Humans have it easy compared to other species in the animal kingdom. We reign at the top of the food chain and do not fear becoming another animal’s lunch. However, survival is a real concern for other mammals, amphibians, reptiles, birds, and fish.
Nevertheless, today the animal kingdom is alive and well because different species have developed non-aggressive defense techniques. For instance, throughout the process of evolution, several animals have changed colors to better blend into their surroundings. Beyond protection, animals also use color to attract mates, and, in effect, prolong the existence of their species.
When we think of color-changing animals, chameleons quickly come to mind, but do you know that flamingos, robins, and snakes are said to have developed their colors somewhat deliberately, too?
For instance, baby flamingos are gray while adults are pink because the flamingo diet includes foods filled with carotenoids, which contain natural color pigments. Some of these foods include shrimp, crabs and algae.
Humans can realize this color changing sensation to some degree. Have you heard of a person’s skin or eyes turning orange after eating a lot of carrots? “Carotenoids,” advises an NPR article “are abundant in plants, where they play a role in photosynthesis. Different carotenoids make carrots orange and beets red….”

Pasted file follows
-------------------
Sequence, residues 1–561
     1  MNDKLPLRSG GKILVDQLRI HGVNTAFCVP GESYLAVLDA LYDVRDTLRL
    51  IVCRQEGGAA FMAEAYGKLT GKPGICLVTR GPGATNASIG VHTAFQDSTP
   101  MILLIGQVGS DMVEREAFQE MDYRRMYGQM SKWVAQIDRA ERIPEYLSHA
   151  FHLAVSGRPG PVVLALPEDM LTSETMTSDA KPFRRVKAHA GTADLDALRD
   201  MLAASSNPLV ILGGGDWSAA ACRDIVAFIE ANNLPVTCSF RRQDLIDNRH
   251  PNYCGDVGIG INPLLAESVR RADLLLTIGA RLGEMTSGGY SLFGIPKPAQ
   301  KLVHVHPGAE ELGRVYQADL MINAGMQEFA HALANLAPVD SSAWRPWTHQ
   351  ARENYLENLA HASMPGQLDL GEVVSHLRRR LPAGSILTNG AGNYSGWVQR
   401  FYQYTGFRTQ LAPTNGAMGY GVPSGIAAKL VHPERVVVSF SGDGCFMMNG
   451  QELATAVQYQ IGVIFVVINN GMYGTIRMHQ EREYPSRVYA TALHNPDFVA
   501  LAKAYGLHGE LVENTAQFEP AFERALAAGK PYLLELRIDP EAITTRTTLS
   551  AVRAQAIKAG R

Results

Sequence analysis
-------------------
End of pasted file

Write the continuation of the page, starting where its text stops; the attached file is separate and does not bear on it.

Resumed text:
Diets rich with carotenoids shine a new light on the familiar phrase you are what you eat. However, the same article points out that “Animals… have a lot of… color limitations.” An Ornithologist from Yale, Rick Prum, points out that birds with mostly brown and gray coloring can develop yellow and red tints if they eat certain foods but they will not have the same luck if they want to turn blue or green. In fact, Prum says, “Blue is fascinating because the vast majority of animals are incapable of making it with pigments.” Nevertheless, several species appear blue.
Since pigment-rich diets rarely produce this color, how can animals like beetles and butterflies appear blue?
The answer is simple: several blue animals employ optical illusions. A biologist at the Smithsonian Museum of Natural History, Dan Babbitt, uses morpho butterflies to explain this phenomenon.
The butterflies have a 6-inch wingspan — one side a dull brown and the other a vibrant, reflective blue. The butterflies have tiny transparent structures on the surface of their wings that bounce light in just the right way to make them appear a vibrant blue that’s so bright it almost hurts your eyes. But if you grind up the wings, the dust — robbed of its reflective prism structures — would just look gray or brown.
Many animals have centuries of diet and optical illusions to thank for their survival. By eating high carotenoid diets or employing strategies of design, animals have developed colors that allow them to protect themselves from attackers, as well as attract mates.
Even though humans have it easy, sitting at the top of the food chain, it doesn’t mean we know it all. In fact, we learn a lot from observing animals who know how to survive and thrive and adjust to their surroundings.
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